FRONT PAGE / POSTS
Phone Box, RIP
by Chris Arning| London, UK
Thursday, 16 December 2010
tags: art & design, consumer culture, europe, making sense, socioeconomics
One of British street artist Banksy's most notorious pieces shows a red phone box prone — dumped in a side street, bent as if it were the twisted corpse of a road accident victim hit at high speed. The phone box has a pick-axe through its dorsal area and its windows are smeared by its own blood and viscera. The awkward angle signifies the squalid nature of its death — as if it were running away from its assailant and halfway round a corner when it ran out of time.
In the context of the gradual privatizing of Britain this is poignant visual commentary indeed — one of several semiotic warning signs showing how far along this process is. The growth of non-spaces signify the warping of the public realm; phone boxes are a victim of this warping.
In his book Multimodality, author Gunther Kress writes about social semiotics: "It is the social which generates the 'cultural' and, in that the 'semiotic'." He goes on to write: "In advanced capitalist conditions, the market actively fosters social fragmentation as a means of maximizing the potential of niche markets… The subjectivity preferred by the market is that of 'consumer'." Like the post box and Post Office, red phone boxes used to be seen as signs of the public polity, as a public good. A call for 10p piece and the small queues you sometimes saw outside even sparked some public discourse. Alas, red phone boxes have taken a beating. First they lost their red coats and became ugly glass vitrines. Then, through the 1990s, as mobile phone penetration robbed them of their utility, they lost their clientele. It was good to talk (said Bob Hoskins in a famous British Telecom ad), but now it is good to text.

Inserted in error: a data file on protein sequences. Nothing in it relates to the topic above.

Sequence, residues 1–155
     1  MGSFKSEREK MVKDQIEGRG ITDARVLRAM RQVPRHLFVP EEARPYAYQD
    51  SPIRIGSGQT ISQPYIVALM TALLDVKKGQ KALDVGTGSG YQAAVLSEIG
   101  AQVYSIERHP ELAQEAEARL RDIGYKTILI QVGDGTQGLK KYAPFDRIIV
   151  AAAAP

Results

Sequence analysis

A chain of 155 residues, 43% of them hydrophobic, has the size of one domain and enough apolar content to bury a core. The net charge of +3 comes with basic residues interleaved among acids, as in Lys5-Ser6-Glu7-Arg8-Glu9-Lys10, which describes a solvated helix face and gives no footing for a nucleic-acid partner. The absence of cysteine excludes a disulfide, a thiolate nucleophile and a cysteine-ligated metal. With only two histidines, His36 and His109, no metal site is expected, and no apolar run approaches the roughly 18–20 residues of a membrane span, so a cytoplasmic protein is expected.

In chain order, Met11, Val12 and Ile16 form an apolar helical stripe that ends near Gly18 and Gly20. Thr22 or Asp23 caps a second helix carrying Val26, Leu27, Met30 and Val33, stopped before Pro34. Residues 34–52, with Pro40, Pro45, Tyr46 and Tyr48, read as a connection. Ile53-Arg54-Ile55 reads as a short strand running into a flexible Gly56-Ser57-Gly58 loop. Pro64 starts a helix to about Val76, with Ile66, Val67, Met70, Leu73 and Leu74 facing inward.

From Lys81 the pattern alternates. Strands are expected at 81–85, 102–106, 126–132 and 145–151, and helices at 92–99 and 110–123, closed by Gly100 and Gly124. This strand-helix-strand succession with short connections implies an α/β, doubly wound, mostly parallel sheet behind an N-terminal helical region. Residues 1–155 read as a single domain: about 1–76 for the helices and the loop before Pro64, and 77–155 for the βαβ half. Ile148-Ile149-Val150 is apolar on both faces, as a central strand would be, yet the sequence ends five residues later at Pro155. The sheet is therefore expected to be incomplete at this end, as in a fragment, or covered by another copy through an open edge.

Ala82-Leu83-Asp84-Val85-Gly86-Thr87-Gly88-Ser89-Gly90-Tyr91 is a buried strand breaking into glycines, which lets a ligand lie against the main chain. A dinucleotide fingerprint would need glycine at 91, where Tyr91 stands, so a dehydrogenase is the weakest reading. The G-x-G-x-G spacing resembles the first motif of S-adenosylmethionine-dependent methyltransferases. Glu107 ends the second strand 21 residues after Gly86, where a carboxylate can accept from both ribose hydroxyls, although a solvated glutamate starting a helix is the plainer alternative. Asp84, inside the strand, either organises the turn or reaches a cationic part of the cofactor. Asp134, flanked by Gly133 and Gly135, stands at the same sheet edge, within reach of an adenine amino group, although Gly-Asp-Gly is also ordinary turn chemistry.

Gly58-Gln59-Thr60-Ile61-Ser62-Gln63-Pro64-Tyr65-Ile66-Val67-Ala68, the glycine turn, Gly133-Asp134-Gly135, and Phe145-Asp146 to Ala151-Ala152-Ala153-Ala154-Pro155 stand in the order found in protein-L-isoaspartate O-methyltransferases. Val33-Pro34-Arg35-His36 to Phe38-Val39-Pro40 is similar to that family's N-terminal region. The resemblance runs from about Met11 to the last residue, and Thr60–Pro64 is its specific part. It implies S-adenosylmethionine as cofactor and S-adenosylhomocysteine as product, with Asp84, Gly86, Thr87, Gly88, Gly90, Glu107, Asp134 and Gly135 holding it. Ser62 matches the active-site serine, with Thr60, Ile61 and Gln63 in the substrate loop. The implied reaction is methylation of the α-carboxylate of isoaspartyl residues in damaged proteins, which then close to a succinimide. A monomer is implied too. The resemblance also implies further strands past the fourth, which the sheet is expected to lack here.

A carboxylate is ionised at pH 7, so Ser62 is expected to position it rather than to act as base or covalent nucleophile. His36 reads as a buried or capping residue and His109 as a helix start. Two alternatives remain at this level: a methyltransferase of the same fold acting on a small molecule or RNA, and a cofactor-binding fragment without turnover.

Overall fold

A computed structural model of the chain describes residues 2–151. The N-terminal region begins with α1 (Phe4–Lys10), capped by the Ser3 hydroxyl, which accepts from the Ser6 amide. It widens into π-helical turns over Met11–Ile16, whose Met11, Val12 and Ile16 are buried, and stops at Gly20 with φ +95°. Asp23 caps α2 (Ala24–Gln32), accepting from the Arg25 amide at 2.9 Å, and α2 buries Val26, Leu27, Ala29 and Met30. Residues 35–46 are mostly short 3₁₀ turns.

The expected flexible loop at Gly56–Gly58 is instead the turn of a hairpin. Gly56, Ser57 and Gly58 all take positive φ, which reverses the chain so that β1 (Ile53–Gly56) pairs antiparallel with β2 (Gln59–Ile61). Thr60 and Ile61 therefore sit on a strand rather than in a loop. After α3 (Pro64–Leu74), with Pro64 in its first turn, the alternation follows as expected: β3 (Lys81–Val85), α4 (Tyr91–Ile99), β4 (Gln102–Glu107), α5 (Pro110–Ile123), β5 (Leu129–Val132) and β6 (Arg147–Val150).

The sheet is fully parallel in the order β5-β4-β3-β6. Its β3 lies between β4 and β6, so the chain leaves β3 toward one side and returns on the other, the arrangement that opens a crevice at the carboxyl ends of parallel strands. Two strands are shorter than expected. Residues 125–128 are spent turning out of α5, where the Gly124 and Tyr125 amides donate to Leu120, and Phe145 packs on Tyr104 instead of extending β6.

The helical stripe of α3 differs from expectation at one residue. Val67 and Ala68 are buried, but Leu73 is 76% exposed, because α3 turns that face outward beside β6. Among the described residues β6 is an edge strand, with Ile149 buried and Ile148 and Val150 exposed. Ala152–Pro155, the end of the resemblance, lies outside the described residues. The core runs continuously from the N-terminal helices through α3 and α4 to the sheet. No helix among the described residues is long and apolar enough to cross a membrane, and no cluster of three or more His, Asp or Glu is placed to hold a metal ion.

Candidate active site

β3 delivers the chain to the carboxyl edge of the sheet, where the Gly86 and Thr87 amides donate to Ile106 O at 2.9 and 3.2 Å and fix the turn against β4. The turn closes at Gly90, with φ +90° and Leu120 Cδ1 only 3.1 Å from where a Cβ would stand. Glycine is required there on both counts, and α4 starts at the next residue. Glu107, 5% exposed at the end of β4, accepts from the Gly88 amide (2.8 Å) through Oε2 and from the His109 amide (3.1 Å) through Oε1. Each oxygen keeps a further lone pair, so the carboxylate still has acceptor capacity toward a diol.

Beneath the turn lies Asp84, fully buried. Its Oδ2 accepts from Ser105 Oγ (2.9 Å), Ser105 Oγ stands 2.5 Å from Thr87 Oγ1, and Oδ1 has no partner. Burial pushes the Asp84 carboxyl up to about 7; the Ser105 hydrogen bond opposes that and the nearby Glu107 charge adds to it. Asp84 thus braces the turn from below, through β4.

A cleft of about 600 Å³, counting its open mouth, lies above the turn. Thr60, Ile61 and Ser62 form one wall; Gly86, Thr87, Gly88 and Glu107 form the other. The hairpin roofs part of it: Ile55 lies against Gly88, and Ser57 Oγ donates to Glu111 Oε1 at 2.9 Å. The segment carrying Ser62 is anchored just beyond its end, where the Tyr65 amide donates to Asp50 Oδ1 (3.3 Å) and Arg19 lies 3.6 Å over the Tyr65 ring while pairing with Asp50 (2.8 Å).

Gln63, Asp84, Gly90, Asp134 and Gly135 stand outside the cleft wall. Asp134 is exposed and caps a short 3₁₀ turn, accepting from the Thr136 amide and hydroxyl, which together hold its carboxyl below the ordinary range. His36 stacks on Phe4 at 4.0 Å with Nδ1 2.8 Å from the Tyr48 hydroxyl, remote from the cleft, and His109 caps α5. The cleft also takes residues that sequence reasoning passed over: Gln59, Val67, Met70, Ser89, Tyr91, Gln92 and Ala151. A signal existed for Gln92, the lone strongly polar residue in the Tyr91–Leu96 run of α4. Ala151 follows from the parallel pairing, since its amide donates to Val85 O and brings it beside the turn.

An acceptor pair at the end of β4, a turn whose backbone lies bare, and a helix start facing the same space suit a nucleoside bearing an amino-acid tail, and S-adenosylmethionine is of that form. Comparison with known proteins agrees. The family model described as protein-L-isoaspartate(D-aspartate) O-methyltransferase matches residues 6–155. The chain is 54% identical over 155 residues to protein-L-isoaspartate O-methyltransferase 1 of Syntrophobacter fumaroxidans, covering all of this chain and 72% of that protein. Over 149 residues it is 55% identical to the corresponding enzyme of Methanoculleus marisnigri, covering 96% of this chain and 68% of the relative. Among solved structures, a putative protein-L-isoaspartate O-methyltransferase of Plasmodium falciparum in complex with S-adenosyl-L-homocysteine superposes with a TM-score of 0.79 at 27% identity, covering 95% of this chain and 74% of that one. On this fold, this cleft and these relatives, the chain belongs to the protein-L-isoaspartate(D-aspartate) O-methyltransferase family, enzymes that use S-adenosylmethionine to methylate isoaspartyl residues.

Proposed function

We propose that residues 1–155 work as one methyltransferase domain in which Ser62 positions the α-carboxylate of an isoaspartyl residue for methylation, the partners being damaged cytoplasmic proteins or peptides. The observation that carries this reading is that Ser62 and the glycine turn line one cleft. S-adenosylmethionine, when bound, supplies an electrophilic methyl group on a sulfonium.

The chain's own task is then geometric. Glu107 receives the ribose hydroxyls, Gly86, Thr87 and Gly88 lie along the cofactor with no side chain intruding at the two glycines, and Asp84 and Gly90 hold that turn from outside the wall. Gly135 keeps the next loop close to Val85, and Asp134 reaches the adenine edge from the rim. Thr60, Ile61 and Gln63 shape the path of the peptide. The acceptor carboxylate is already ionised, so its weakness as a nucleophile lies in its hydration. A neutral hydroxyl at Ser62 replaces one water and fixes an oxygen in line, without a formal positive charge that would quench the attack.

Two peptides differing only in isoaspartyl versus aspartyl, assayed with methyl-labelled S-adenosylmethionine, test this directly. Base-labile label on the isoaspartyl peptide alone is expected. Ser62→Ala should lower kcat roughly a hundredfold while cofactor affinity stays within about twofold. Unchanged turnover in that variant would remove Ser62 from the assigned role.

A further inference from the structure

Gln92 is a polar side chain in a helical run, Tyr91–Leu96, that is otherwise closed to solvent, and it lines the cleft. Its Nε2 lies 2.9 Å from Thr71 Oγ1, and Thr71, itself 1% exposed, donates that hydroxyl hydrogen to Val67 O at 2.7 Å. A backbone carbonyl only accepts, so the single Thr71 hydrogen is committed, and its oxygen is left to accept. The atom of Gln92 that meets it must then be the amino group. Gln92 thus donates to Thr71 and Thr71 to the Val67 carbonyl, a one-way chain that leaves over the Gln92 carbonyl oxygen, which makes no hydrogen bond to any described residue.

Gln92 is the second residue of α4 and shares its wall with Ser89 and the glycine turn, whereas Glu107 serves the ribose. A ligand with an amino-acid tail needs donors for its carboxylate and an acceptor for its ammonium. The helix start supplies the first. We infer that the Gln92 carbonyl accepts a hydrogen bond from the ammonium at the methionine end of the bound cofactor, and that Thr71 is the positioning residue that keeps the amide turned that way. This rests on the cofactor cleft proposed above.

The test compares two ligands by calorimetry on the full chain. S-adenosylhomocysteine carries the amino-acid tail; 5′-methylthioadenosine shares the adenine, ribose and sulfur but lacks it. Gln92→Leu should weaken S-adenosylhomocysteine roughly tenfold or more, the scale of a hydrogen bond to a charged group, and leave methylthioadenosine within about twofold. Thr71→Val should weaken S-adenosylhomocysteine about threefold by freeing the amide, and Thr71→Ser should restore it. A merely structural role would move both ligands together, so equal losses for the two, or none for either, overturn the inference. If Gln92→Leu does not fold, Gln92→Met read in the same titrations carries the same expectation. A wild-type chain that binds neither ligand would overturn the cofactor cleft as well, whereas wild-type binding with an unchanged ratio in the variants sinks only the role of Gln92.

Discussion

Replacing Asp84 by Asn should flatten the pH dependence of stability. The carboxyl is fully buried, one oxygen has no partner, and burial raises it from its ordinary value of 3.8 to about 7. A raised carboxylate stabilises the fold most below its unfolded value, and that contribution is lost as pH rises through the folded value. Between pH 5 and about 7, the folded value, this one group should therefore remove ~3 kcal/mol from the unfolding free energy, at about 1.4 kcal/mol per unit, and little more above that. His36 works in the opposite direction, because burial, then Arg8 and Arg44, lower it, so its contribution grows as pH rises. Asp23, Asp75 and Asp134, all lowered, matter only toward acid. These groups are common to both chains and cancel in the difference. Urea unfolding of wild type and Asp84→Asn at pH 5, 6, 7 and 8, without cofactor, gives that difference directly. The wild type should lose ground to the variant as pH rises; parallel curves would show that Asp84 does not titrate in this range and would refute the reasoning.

Phone boxes have become relics: crass and unsightly ciphers of the materialism of 2010-era Britain. They stand as pointless sentinels on the street ignored by all but the homeless and reckless. They are invariably empty, with the phone either disconnected or the receiver hanging forlornly by its cord. Banner advertising (10th anniversary of Spearmint Rhino anybody?) wrapped on the outside often obscures what is inside. Invariably this will be the calling cards of the sex industry — a gallery of scopophilia. 'Busty brunettes', 'Oriental honeys' and other flotsam thrown up by the latest wave of sex trafficking direct their blandishments at the passerby. The smiles and burnished curves belie the emptiness of a transaction that costs much more than a 10p phone call. Inside they define the word insalubrious, usually smell of urine, and someone has scrawled a slanderous sexual accusations onto the phone console with a key.
Sordid, dilapidated, empty — but selling sex. The phone box is a signifier of the cheapening of life in Britain, hollowing out of public spaces, outsourcing of public services and the vacuum of a Tory cabinet bereft of ideas. It's a proxy for the triumph of consumerism over communication.